Legal? No? It's in the rules, but how would you call it, and how tightly?
What's The Big Deal With The Screen?by Tom Fakehany
Once upon a time, there were certain actions that automatically would lead to a
screen call. For example, if two players lined up right next to each other in
the front row and the served ball traveled directly over them, the referee could call a screen.
The interpretation has changed. A screen is now always a judgment call by the
referee. If the referee believes that the receiver was screened, then they can call a screen. In the example given above, it could be a screen if the ball had a
low trajectory right over the front row players. It would not be a screen if the serve was a high floater.
The referee would be correct he/she stated that the receiver has a responsibility to
move to see the server if ONE player is screening the server. Then, if the
defensive player moves with you, the referee can give a card for improper behavior.
The pyramid was once the procedure that all teams used and they all raised their hands as well. That was before screening was outlawed. If the referee judges that your receivers are having a difficult time seeing the flight of the ball, then they should call a screen and nothing in the rules would stop it.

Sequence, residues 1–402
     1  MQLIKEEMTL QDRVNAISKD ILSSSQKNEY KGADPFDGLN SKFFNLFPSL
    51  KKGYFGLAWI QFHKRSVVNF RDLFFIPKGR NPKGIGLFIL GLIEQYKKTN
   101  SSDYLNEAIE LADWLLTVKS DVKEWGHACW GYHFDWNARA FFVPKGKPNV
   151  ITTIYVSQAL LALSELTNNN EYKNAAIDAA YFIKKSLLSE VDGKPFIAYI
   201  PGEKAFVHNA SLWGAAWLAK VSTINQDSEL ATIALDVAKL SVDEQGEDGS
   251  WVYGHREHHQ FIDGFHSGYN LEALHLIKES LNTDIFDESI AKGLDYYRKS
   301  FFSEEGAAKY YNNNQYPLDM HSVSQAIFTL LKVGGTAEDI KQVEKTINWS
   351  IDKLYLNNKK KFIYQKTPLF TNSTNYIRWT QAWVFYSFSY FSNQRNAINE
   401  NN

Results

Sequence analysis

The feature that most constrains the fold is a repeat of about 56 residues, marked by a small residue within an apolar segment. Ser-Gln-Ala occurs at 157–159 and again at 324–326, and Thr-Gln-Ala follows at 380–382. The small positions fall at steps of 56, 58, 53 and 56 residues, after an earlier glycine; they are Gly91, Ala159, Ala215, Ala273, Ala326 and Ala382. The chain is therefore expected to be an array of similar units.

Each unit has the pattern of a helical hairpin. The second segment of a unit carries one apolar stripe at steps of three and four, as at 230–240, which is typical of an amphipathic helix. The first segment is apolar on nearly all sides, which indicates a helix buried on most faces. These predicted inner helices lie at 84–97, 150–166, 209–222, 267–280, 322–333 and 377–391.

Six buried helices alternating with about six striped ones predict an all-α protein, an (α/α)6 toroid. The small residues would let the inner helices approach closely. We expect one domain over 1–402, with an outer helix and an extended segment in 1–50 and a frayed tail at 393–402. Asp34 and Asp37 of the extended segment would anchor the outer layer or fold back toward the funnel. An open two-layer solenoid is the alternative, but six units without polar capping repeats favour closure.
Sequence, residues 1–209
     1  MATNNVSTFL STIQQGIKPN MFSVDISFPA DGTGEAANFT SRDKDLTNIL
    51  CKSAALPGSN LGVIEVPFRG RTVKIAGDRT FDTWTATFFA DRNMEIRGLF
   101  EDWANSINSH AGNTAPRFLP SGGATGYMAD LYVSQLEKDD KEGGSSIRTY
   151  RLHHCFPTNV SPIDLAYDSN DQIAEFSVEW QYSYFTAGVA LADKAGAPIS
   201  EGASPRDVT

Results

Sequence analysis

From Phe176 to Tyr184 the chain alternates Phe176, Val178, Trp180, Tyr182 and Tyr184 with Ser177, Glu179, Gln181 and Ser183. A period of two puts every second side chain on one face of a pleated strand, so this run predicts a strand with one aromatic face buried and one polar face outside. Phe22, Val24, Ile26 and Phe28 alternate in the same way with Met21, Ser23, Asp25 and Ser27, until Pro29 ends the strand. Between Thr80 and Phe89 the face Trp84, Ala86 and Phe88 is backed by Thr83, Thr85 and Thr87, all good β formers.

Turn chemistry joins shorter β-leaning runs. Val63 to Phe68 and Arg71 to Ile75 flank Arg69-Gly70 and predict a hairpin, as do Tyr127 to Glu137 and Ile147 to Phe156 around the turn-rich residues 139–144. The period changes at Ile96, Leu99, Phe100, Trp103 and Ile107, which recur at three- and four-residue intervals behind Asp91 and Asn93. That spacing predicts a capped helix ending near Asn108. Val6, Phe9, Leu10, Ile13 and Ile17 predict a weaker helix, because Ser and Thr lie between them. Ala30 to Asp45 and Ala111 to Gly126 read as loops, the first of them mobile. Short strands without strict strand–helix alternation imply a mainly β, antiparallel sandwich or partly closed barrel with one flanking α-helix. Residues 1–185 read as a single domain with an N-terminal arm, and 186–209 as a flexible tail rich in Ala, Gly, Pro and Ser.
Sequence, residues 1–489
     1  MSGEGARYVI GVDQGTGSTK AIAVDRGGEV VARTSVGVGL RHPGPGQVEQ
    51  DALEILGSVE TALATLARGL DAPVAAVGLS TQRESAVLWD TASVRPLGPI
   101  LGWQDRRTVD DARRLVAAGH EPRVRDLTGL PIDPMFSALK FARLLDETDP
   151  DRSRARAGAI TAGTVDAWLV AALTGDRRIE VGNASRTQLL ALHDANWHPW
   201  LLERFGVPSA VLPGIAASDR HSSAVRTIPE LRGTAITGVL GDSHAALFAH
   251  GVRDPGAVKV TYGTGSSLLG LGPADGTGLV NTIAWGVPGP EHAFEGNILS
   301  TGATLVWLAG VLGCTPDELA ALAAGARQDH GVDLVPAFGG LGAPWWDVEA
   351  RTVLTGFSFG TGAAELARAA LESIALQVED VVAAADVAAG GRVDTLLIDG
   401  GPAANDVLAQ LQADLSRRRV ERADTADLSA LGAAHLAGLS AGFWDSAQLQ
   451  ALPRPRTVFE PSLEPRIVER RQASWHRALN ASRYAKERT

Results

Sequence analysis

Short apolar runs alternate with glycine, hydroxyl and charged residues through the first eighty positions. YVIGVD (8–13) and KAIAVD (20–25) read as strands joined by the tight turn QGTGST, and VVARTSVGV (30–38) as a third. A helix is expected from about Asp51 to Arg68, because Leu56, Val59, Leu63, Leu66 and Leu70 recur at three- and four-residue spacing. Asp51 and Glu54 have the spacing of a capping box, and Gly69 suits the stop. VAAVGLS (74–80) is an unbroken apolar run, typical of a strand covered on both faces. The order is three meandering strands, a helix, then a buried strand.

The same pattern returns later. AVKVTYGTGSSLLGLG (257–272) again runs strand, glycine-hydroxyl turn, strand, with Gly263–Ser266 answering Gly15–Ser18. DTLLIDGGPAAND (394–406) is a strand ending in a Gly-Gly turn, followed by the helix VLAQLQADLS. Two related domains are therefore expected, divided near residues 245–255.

Many players yell "screen" all the time, even when it is obvious that they were
not screened. Since a screen depends on the flight of the ball, no team can
claim screen before it happens. Those teams that yell "screen" before the
serve are most likely to upset the referee. This is improper behavior. If you
are screened, then have your captain go to the referee and ask politely if he can
watch for a screen by the opposing team.
Very, few officials will call a screen "out of the blue." Almost all will try to get the attention of the serving team and say something like, "I believe that they would have a hard time seeing the serve if it happens to go over you two. I'd hate to call a screen. Why don't you bend at the waist or split a little?" It is NOT required to warn a team.
It is not typically good technique for the referee to call a screen just because
the other team complains. It is fine to pay more attention to this issue, but
if this is a break from previous technique, then the official should fill the
teams in on the situation.